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Brexit and Away!

Painful moves and painful movements have been underway in Brexiting Britain. Prime Minister Theresa May of the UK initiated the Brexit bluster via letter, and March 29, 2017 may well go down in the annals of the European project as more than a mere bruising farewell.

The letter has the sense of having cake and munching on it too. There is little in the way of a tea and sympathy tone. “We want to make sure that Europe remains strong and prosperous and is capable of projecting its values, leading in the world, and defending itself from security threats… We therefore believe it is necessary to agree to the terms of our future partnership alongside those of our withdrawal from the European Union.”

The language is crudely suggestive of Britain as indispensable (you need us more than we need you), and Europe as vulnerable to security breaches that Britain might well assist in repelling. Britain may well be leaving the arrangement, but it still wants access to Europe’s markets and consequent privileges.

Nor can May ever quite shake off her pedigree as former home secretary, a true security obsessive that laces the language of departure with boring repetitiveness. “In security terms a failure to reach agreement would mean our cooperation in the fight against crime and terrorism would be weakened.” As The Guardian surmised on this point, “May rams home the point that Europe needs Britain’s spooks and soldiers.”

Donald Tusk of the EU Council was sombre, regretful and even funereal in bidding farewell to the United Kingdom at a press conference. “We already miss you.” A member of the family, an often cantankerous one, was taking flight from a dysfunctional collective.

Social media followers of various shades welcomed “Brexit Day” as a sign writ in the sky, though much of this was more tired than revelatory. Finally, the theme went, the divorce papers had been filed. Britain was leaving a marriage regarded by the Leavers as problematic from the start.

As with such decisions, many who support it are those who will suffer least, having not been direct beneficiaries to begin with. At most, they do not see the vast subsidies and grants provided by the EU as having had a visible impact, despite such provision going straight into public services. The failure to articulate that point by the Remain campaign was acute as it was disastrous.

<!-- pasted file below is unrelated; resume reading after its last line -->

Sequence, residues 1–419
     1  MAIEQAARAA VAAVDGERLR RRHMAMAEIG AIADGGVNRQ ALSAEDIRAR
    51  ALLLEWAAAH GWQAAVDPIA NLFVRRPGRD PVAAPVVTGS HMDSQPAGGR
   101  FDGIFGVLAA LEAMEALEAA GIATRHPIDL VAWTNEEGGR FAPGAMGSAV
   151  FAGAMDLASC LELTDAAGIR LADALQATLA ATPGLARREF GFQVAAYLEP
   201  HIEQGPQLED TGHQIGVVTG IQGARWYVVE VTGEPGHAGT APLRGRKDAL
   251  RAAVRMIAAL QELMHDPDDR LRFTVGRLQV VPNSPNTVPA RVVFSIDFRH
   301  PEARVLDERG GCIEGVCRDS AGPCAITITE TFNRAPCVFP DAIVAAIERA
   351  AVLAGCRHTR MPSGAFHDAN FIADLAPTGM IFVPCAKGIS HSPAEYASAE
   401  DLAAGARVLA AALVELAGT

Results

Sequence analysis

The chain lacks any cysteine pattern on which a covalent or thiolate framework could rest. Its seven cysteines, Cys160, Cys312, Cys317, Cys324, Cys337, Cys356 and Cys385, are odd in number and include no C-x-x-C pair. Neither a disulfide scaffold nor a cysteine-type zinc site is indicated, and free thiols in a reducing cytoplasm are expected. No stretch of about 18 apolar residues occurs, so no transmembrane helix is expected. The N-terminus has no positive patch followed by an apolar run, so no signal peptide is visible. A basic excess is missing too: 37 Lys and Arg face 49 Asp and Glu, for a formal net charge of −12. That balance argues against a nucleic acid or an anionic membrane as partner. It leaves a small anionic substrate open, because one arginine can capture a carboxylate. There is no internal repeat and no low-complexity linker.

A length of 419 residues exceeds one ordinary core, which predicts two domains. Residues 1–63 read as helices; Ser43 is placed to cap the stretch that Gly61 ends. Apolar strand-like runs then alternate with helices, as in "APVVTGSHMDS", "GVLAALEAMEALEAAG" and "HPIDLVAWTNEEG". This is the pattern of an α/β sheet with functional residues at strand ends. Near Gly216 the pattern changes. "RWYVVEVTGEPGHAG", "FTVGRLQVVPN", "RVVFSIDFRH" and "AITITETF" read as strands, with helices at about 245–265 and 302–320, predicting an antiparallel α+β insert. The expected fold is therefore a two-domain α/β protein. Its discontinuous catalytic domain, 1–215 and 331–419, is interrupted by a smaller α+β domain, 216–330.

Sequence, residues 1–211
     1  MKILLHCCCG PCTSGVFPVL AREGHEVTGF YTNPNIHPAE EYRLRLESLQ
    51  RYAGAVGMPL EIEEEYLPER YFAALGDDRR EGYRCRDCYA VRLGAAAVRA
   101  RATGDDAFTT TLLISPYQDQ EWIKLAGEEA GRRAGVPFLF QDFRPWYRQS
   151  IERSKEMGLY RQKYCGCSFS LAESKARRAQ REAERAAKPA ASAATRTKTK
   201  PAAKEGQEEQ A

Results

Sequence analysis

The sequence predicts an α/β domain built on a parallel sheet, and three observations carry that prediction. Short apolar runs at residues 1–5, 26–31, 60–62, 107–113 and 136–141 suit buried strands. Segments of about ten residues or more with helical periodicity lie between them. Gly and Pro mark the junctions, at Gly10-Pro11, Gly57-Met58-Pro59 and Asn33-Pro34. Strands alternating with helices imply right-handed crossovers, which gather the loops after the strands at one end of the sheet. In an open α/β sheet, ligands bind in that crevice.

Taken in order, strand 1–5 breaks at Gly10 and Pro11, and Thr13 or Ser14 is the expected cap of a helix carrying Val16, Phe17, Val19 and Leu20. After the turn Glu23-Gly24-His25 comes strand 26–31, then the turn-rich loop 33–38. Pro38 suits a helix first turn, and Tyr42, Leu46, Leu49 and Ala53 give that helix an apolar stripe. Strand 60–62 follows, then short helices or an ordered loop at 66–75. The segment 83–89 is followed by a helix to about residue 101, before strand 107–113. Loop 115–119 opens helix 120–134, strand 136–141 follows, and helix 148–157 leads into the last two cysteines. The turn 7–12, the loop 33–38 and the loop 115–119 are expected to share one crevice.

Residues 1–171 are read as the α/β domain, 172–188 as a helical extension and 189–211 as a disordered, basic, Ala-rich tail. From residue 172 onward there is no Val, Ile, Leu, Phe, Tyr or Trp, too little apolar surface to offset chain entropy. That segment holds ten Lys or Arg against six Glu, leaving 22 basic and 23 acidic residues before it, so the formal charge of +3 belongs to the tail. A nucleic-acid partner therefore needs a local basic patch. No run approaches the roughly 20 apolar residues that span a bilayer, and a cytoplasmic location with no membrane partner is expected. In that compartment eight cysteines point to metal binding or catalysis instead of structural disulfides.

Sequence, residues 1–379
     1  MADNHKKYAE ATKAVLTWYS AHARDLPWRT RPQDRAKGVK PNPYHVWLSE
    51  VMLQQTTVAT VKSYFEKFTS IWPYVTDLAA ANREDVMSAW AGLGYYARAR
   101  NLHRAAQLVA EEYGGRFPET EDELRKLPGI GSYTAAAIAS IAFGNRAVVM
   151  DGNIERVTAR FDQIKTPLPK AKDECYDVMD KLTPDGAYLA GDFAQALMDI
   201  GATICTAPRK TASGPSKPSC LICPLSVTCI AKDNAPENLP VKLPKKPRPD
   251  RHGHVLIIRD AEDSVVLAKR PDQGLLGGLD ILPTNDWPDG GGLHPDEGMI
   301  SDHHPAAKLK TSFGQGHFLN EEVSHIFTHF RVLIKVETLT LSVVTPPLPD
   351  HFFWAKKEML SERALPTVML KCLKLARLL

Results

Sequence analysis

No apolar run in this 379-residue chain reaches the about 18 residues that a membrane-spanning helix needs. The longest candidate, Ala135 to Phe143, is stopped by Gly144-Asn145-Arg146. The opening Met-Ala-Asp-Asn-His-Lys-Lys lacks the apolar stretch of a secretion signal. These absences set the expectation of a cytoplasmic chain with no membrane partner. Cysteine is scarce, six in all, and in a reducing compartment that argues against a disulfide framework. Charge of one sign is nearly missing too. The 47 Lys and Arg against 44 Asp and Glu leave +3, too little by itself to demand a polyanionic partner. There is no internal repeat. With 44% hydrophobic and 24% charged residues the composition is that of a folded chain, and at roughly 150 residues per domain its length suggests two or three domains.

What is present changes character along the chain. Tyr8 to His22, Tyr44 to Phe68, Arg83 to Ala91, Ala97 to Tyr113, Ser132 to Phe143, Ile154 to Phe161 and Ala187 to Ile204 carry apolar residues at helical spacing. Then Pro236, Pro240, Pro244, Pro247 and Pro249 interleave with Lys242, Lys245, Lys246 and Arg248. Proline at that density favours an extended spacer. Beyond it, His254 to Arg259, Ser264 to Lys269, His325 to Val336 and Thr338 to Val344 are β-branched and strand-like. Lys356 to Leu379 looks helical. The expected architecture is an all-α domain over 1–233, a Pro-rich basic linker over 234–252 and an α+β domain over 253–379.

Critics of EU integration, of having Britain within the European project, through the rights system, through accountability, is rubbished as dreary continentalism fuelled by colourless bureaucrats. The Brits, goes this line, were only ever doing it without much sense of wanting to be there.

What continues to linger is the conspicuous lack of certainty on what a divorced relationship entails when it comes to leaving the EU. For one thing, it will test the limits and uses of Article 50, a clause that has remained essentially virginal till now.

For such figures as historian Timothy Garton Ash, resistance continues. “The many millions of us in Britain who identify ourselves as Europeans must not give up now, as if the show were over. It’s not, and we’re not just the audience. We are actors in this play and our main task is to persuade our fellow actors.”

While the background guerrilla skirmishes between Remoaners and Brexiteers continue, dealing with a bloc of 27 countries is not going to be a whimsical affair. “If Britain isn’t punished to some degree,” suggests economist Richard Holden, “then it is a green light to other countries that they can leave the EU and still be treated reasonably well.”

The stirrings of the authoritarian will are also there. May exudes an absolutist air about how she will manage, or perhaps mismanage, the navigation of Britain in troubled and highly contentious waters.

As noted by The Economist, her Great Repeal Bill, with its “Henry VIII” clauses “would enable the prime minister to fiddle unilaterally with the tide of rules as it washes into Britain’s environmental, employment, legal and tax regimes.”

Exiting such agreements or covenants tends to only take place in times of crisis – think the League of Nations and the exit of the Axis Powers in the 1930s. But this is chaos in peacetime, the charge of a critique of European institutions that risks fracturing, if not dissolving, the edifice.

Britain’s plodding over the next two years will be watched by resurgent nationalists and populists of Europe with beadily curious eyes. France’s Marine le Pen, in particular, is most interested. Will the structure be torn down and resurrected, polished and new with more reformed and more transparent institutions? Or will Europe return to its pre-EU form, unstable and prone to even more strife? No one knows for now, and any soothsaying deserves strict penalisation.

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Binoy Kampmark was a Commonwealth Scholar at Selwyn College, Cambridge. He lectures at RMIT University, Melbourne. Email: bkampmark@gmail.com

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